- The Gelb Schwarzer Renner: a beloved and rare super beetle
- Walking spaghetti (on Beetles)
- The VW Beetle from 1957-1964. The Dickholmer
- The story behind the Volkswagen Beetle in the photo


Leave a Reply
  1. Beautiful spectacle beetle! Have you ever owned an Oval? With 'arrows' from the B style. Because this system is still a bit left in modern traffic, I then mounted indicators at the front and rear. Unfortunately, you often see with veteran beetles that larger rear lights and indicators are mounted on the front screens. That really detracts from the original look. I get the problem: the original small taillights only have two functions, lighting and brake light. So you are missing a function, the flashing lights. And there is nothing at all at the front. At the time I found a solution without compromising the original appearance. The Ugly Duckling from the 2s also had only two fittings, but still three functions. How? Because of the six-way turn signal lever. This ensures that when you brake and switch on the turn signal at the same time, a brake light will flash. Just like many American cars, by the way. There are two grilles in the front screens. Behind one is the horn, the other is a 'blind' grille. I moved the horn to the back and replaced the blind grille with an open one. Then I placed universal (red) indicators on the inside behind the grilles. Not visible when not in use, perfectly visible when the turn signal is switched on! In this way you have a safe addition to the arrows without affecting the appearance. The raw lever from the duck looks almost the same as that of the beetle and will hardly fall out of the bridle as an extra lever on the steering column. This raw lever should still be available from many XNUMXCV specialists.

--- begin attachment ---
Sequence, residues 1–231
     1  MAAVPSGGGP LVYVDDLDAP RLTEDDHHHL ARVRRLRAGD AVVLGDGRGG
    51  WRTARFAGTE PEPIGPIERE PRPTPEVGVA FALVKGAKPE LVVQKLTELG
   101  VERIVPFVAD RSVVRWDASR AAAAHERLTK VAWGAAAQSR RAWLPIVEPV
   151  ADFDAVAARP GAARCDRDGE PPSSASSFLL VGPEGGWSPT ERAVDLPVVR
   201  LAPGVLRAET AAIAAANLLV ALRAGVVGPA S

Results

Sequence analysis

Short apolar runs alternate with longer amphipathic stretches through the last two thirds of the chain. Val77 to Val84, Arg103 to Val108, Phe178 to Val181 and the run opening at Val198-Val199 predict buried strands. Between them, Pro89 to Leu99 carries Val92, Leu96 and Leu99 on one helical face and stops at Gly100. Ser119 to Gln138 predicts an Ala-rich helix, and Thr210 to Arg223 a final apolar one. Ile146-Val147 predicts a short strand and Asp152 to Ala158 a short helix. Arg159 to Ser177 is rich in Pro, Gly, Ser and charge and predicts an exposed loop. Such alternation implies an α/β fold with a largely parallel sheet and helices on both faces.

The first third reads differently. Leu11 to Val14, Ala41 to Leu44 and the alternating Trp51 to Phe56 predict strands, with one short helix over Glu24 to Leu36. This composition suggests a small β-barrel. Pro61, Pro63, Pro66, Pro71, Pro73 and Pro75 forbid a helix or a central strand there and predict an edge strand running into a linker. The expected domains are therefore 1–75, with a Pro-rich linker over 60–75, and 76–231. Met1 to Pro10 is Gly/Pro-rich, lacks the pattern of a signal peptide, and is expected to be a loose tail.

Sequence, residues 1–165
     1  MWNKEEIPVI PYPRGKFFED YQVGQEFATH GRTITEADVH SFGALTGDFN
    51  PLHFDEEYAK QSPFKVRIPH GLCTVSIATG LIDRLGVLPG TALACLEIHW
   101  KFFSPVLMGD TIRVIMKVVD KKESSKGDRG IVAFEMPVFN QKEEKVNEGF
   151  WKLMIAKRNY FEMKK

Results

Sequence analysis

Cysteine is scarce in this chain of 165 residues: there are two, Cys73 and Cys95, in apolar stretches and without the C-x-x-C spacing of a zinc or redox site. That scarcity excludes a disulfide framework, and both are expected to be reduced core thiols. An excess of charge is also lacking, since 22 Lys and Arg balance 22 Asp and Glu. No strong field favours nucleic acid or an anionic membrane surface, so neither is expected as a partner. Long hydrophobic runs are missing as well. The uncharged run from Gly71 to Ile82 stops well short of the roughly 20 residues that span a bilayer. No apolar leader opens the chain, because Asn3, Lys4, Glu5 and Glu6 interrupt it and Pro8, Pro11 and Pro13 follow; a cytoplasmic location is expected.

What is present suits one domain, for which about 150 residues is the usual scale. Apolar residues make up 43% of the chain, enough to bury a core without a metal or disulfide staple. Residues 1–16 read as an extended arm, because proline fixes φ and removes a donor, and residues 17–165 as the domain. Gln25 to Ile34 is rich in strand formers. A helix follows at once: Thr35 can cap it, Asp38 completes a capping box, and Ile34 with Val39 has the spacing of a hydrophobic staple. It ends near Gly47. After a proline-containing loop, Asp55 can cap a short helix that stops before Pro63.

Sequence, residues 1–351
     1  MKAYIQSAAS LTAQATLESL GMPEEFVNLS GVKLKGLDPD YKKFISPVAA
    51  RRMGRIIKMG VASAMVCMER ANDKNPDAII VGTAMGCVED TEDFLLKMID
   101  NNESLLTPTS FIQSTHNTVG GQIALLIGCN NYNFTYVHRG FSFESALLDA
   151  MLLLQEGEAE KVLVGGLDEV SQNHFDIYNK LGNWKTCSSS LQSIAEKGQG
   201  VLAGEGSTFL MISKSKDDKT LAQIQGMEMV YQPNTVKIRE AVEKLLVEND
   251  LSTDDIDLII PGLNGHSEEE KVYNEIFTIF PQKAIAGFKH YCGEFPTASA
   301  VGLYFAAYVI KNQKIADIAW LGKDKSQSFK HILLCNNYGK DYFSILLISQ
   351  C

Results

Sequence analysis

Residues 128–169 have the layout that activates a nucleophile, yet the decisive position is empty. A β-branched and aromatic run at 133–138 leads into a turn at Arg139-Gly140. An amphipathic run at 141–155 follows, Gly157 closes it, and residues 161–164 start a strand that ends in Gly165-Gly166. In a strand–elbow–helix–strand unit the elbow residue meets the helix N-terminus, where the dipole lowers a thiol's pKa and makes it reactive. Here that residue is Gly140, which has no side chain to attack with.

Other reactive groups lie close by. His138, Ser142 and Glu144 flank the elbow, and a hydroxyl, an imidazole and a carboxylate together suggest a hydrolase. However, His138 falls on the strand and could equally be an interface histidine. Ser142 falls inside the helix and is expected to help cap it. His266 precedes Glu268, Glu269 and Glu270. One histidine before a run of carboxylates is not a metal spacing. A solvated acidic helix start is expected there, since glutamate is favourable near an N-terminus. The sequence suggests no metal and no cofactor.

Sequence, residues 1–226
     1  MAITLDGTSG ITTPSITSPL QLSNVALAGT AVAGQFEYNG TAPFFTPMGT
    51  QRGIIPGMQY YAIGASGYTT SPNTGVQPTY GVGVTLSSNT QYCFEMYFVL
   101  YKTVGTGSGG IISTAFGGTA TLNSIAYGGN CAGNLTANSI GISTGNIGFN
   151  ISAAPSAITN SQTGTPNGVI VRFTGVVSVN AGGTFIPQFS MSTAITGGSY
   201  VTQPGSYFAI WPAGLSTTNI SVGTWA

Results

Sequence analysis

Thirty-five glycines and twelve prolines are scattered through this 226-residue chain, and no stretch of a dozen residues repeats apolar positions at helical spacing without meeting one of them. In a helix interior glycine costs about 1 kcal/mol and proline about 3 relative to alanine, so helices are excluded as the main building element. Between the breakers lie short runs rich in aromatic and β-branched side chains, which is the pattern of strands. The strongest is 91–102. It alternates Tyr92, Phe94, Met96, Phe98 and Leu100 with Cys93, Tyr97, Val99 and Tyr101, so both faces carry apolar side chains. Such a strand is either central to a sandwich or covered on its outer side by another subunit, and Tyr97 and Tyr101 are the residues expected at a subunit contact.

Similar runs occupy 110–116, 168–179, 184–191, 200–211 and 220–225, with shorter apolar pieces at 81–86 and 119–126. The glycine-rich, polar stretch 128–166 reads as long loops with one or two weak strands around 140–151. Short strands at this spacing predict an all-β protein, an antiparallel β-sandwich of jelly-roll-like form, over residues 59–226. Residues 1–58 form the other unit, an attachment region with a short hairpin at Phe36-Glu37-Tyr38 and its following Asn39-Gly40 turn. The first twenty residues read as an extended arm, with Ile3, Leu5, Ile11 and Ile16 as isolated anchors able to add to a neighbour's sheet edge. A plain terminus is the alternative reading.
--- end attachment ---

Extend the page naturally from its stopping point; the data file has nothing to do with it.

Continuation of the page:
2. This is a very nice Glasses. I myself have had Glasses since 1975, also from 1950 with a number plate from 1952. These and my car first had a provincial number. I have been involved in Glasses and Split Buses for more than 45 years. A few things stand out to me about these glasses. Don't see it as criticism but as additional information. The bumper rosettes are missing, but they are almost impossible to get or very expensive.
    The front bumper has a groove along the entire length. I've never seen that. The center piece should be smooth. Probably wrongly made reproduction. The “closed “VW” logo on the boot lid is missing.
    The engine cover handle should be up when closed, so in front of the number plate. A periodically correct antenna is installed but I don't see a radio. I still have an original Brilradio for sale. (Is not much to receive without adjustments….)
    But all in all a very nice car, unfortunately not yet a member of the LVWCN.

  3. Here is a photo of my father in 1958 with his beetle.
    Washing the car in front of the house has become a prohibited activity in my municipality 63 years later.


    • The following photo from Kaisersworth from 50 proves that in the 1958s (certainly in Germany) there wasn't much driving around other than beetle.